JpGU-AGU Joint Meeting 2020

Presentation information

[E] Oral

S (Solid Earth Sciences ) » S-IT Science of the Earth's Interior & Techtonophysics

[S-IT29] New perspectives on East Asia geodynamics

convener:Jonny Wu(University of Houston), Asuka Yamaguchi(Atomosphere and Ocean Research Institute, The University of Tokyo), Kyoko Okino(Atmosphere and Ocean Research Institute, The University of Tokyo), Timothy B Byrne(University of Connecticut)

[SIT29-08] Tectonics in the Median Tectonic Line and surrounding areas, southwest Japan during the Late Cretaceous to Paleogene periods

*Toru Takeshita1, Yasuuchi Kubota2 (1.Department of Natural History Sciences, Graduate School of Science, Hokkaido University, 2.Oyo Co., Ltd.)

Keywords:Median Tectonic Line, kinematics, paleogene

The Median Tectonic Line (MTL) in Southwest Japan, a major east–west trending arc-parallel fault, has been defined as the boundary fault between the Cretaceous Sambagawa metamorphic rocks and the Ryoke granitic and metamorphic rocks, which are unconformably covered by the Upper Cretaceous Izumi Group. It has been well known that the MTL has been reactivated as a major dextral fault in the Quaternary period (e.g. Okada, 1973), and a huge inland earthquake occurred at the western extension of the MTL in Kumamoto city in April, 2016. However, the development of the MTL since Late Cretaceous, in particular, that during the Paleogene period, has been little known. We have recently conducted very detailed fieldwork and microstructural studies of the fault rocks, and dated some of the fault gouges along the MTL and branch faults in western Shikoku.

It has been well known that the proto-MTL was initiated as the southern marginal shear zone in the Ryoke metamorphic belt in Late Cretaceous, which is characterized by a sinistral strike-slip sense of shear (Hara et al., 1980). Kubota and Takeshita (2008) have found that there are two major phases for the reactivation of the MTL during the Paleogene period: the Ichinokawa and pre-Tobe phases. While the Ichinokawa phase is defined by large-scale, top-to-the-north normal faulting, the pre-Tobe phase is represented by large-scale, high-angle right-stepping en échelon faults almost parallel to the MTL in the Upper Cretaceous Izumi Group. We also found that left-handed en échelon folds have developed along the right-stepping faults, which contain 25–60 m wide cataclasite and fault gouge. All the map-scale en échelon faults, folds and microstructures (e.g., composite planar structures) in the fault rocks suggest that they were formed by sinistral-reverse faulting with top-to-the-SW kinematics. Furthermore, based on the new K-Ar age dating of authigenic illite from the fault gouge along the MTL and right-stepping faults, it can be concluded that the MTL was activated in two discrete stages at approximately 59 (Ichinokawa phase) and 47–46 Ma (pre-Tobe phase).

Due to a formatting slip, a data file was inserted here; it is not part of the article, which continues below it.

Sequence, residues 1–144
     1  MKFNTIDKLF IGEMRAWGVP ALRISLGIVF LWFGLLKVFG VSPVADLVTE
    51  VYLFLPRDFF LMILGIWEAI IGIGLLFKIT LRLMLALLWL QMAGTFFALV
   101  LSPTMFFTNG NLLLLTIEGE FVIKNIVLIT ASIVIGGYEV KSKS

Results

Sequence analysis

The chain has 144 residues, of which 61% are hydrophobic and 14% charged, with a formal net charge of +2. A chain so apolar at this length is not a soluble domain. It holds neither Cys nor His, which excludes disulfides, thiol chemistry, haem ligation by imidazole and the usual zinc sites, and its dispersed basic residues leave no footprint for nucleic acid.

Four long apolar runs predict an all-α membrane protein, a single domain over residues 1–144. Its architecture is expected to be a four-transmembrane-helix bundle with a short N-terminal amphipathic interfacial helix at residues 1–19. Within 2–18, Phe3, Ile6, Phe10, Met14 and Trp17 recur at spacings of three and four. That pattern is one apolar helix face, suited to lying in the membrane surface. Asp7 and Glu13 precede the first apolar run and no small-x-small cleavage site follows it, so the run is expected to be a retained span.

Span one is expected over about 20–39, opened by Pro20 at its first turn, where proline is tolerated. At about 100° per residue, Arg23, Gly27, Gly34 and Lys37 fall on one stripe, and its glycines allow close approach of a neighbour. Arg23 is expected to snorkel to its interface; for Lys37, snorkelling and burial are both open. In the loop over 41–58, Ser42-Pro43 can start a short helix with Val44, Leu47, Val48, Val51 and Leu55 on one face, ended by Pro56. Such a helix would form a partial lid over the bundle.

It is interesting note that geologic structures related to both movement phases of the MTL were also recorded in those in the Sambagawa metamorphic rocks. Yagi and Takeshita (2004) and El-Fakharani and Takeshita (2008) reported that normal faulting with a top to N to NW kinematics is very intense in the limited areas, in particular, those proximity to the MTL (e.g. Niihama area). These normal faulting activities in the Sambagawa metamorphic rocks are well correlated that along the MTL at the Ichinokawa phase. Further, the formation of WNW-ESE trending en échelon folds is pervasive in the Sambagawa metamorphic rocks in central Shikoku including the Oboke antiform, and occur in the areas more than 20 km apart from the MTL. This folding becomes very intense with a fold wavelength less than 100 m in proximity to the MTL (El-Fakharani and Takeshita, 2008), indicating a sinistral transpression along the MTL, which perhaps occurred at pre-Tobe phase. In fact, we obtained a fission-track resetting age of 47.2 ± 3.8 Ma for zircon grains in psammitic schist collected from the Oboke antiform (Takeshita et al., 2011), which is coeval with the age of the pre-Tobe phase.

Currently, we inferred that large-scale normal faulting along the MTL at the Ichinokawa phase may have been caused by a buoyant subduction of the Izanagi-Pacific ridge recently inferred by Whittaker et al. (2007) and Seton et al. (2015), while the extensive sinistral transpression along the MTL at the pre-Tobe phase may be related to the 50 Ma event as proposed by Müller et al. (2016).